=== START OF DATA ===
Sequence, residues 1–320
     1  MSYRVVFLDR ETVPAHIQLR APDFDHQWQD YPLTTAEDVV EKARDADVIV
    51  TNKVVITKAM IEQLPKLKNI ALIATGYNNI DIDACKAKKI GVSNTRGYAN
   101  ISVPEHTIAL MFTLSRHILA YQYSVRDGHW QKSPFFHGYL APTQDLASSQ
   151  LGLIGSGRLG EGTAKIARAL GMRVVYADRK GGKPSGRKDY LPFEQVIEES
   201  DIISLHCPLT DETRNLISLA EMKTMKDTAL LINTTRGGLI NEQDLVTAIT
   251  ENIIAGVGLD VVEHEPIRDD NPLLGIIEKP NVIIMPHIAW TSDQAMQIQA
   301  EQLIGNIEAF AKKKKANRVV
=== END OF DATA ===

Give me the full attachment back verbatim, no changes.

Sequence, residues 1–320
     1  MSYRVVFLDR ETVPAHIQLR APDFDHQWQD YPLTTAEDVV EKARDADVIV
    51  TNKVVITKAM IEQLPKLKNI ALIATGYNNI DIDACKAKKI GVSNTRGYAN
   101  ISVPEHTIAL MFTLSRHILA YQYSVRDGHW QKSPFFHGYL APTQDLASSQ
   151  LGLIGSGRLG EGTAKIARAL GMRVVYADRK GGKPSGRKDY LPFEQVIEES
   201  DIISLHCPLT DETRNLISLA EMKTMKDTAL LINTTRGGLI NEQDLVTAIT
   251  ENIIAGVGLD VVEHEPIRDD NPLLGIIEKP NVIIMPHIAW TSDQAMQIQA
   301  EQLIGNIEAF AKKKKANRVV